Former NASA Employee Describes Her Exploration of the Grand Canyon

“Its canyon walls have stories that we will never hear and beholds a history that our eyes will never see. It is a spectacular illusion—a scene flattened onto an earthly canvas that you could almost reach out and touch. But if you stand and watch long enough, you’ll begin to see its vastness as fields of depth open up with every shadow touched by a glimmer of light,” writes Stefanie Payne about the Grand Canyon, as part of her exploration and documentation of all 59 National Parks in the United States in 2016. Payne, a former product development lead and content strategist with NASA’s human spaceflight program, describes herself as an “explorer” on her blog, where she discusses not only her personal experiences exploring the Grand Canyon, but also general information about the canyon with which many people are unaware.

Payne notes that the Grand Canyon is approximately 10 miles wide and 277 miles long, as well as 1 mile deep—an enormous natural creation that is difficult for the human mind to appreciate and understand. The vastness of the canyon ecosystem incorporates many different types of “desert wilderness” areas, including the North Rim, South Rim, Supai waterfalls, Colorado River, and Kaibab National Forest. Her goal in her writings is to introduce the reader to “the best ways to experience life beyond the South Rim viewpoints, ending with our experience—the epic rim-to-river-to-rim hike which challenged us to no end.”

North Rim

Fewer people visit the North Rim of the Grand Canyon than the South Rim, explains Payne, because the North Rim presents difficulties in accessing. It is located at a higher elevation, has a shorter season (because of the cold, hazardous winter climate), and has fewer easy-to-get-to points to enjoy the views. Payne recommends that first-time visitors travel to the South Rim first, to enjoy the easy-to-access and spectacular views. After that, a visit to the North Rim is recommended, because that is where a visitor can find the greatest solitude for enjoying natural backcountry hiking and camping experiences. Unique, less-traveled trails and viewpoints, such as that at Cape Royal, are available at the North Rim, making for excellent photography perspectives.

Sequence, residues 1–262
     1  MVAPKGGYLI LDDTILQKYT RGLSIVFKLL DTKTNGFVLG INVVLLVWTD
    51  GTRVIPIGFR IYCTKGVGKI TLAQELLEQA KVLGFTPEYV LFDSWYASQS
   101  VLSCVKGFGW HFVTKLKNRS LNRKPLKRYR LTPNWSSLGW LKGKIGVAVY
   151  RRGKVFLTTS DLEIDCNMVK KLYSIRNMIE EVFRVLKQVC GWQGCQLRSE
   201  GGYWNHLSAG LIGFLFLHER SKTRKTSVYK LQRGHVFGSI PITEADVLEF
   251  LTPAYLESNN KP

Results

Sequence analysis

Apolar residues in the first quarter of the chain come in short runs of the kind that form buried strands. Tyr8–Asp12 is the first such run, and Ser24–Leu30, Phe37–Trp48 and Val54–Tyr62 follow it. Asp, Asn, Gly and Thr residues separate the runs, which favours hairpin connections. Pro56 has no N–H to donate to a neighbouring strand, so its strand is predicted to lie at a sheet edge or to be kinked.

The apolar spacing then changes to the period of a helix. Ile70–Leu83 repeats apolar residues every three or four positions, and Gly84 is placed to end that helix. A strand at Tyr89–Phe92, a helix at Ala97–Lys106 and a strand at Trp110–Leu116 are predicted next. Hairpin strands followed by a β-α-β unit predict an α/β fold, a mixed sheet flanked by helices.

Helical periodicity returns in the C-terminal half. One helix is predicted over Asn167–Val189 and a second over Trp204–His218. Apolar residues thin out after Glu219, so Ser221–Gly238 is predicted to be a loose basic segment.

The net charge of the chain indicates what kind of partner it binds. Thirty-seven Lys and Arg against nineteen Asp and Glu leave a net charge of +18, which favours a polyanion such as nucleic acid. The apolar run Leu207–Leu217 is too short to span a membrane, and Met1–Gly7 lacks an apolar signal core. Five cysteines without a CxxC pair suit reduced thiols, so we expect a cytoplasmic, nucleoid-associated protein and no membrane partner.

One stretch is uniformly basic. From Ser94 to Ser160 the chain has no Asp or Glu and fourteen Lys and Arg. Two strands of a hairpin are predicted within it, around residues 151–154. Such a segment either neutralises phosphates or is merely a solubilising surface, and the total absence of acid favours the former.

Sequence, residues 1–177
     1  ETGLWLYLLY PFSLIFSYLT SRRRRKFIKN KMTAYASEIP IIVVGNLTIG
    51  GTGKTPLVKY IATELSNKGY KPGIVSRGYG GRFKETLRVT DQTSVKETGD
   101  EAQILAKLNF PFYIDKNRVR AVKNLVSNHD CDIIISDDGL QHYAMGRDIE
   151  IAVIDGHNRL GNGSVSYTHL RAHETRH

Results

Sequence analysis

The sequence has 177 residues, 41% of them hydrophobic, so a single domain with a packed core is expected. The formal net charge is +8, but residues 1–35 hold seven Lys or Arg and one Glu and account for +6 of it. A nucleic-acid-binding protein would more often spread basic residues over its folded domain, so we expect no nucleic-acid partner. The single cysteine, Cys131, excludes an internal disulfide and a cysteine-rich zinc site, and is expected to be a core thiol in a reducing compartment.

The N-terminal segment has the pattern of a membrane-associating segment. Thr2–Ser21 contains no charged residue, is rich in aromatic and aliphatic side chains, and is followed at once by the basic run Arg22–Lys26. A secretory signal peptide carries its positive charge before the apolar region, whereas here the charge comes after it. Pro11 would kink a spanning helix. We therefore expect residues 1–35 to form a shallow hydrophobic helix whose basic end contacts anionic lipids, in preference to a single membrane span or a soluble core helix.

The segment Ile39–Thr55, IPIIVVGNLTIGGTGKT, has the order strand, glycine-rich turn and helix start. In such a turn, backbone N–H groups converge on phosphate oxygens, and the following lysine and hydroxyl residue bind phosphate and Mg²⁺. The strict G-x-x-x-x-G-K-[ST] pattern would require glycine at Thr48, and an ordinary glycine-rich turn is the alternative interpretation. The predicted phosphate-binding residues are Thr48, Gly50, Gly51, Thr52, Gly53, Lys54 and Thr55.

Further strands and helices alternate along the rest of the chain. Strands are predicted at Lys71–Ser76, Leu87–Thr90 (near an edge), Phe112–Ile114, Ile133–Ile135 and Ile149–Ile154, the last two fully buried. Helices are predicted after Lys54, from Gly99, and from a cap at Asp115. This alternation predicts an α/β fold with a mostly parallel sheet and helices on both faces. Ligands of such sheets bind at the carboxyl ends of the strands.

South Rim

Most people who have visited the Grand Canyon have visited the South Rim, where such popular vantage spots as Yavapai, Mather, Hopi, and Mojave points offer breathtaking views of the multicolored gorge. And these amazing views are within short walking distance from the park’s visitor center. Adding to the popularity of these viewing sites is the nearness of well-known lodges, restaurants, and stores, as well as convenient access to free shuttle buses, hiking trails, historical sites, and educational exhibits.

Hiking From the South Rim to the Colorado River

Payne and her hiking partner, Jonathan Irish, desired to get away from the South Rim’s hectic crowds and make a springtime hike down to the Colorado River that offered some sense of solitude and intimacy. To stay at the bottom of the canyon overnight, they had to first purchase a special backcountry camping permit. Their plan was to take a 17-mile route from the South Kaibab Trail to the Bright Angel Trail before spending the night on the shores of the Colorado River. Payne notes that indoor lodging is also available next to the campground, including a bar, restaurant, and hot showers. In the area between Bright Angel Campground, where they stayed, and Phantom Ranch, park rangers host nightly education programs on various subjects, such as the canyon’s geology and history.

The hike down to the river (and back up to the rim) was described as a “monster” by Payne, noting the need to descend 4,000 feet (and then ascend the same distance). She and her partner were happy that they chose to use a mule service to carry their heavy backpacking equipment. Mules are also available for people to ride along canyon trails and into the canyon interior.

Payne writes that even a springtime hike into the canyon can be unbearably hot in the desert environment. Despite the challenges, she writes that “this was one of the greatest backpacks of both of our lives. It was challenging, rewarding, and along a path to the Colorado River where one can see the Grand Canyon unlike any other way—from inside of it.” She stresses the importance of hikers exercising and training their bodies beforehand, making sure they have the proper gear, and talking to park personnel about appropriate safety precautions.

Helicopter Rides

Another way to get to the bottom of the Grand Canyon is by helicopter. Papillon Aerial Adventures offers day rides into the canyon, with pick-ups at designated locations at the canyon or at Phoenix, Sedona, and Las Vegas. Payne writes, “The unique vantage point upon entering has to be one of the most wonderful ways to get a load of the landscape and to capture one-of-a-kind photo ops.”

Rafting the River

Although Payne and her traveling partner had no time to raft the Colorado River on this particular trip, she writes that such a thrilling adventure remains on their “bucket list.” Rafting the river generally requires a time commitment of 10 to 15 days. Several reputable independent operators are available for hire when making such a trip.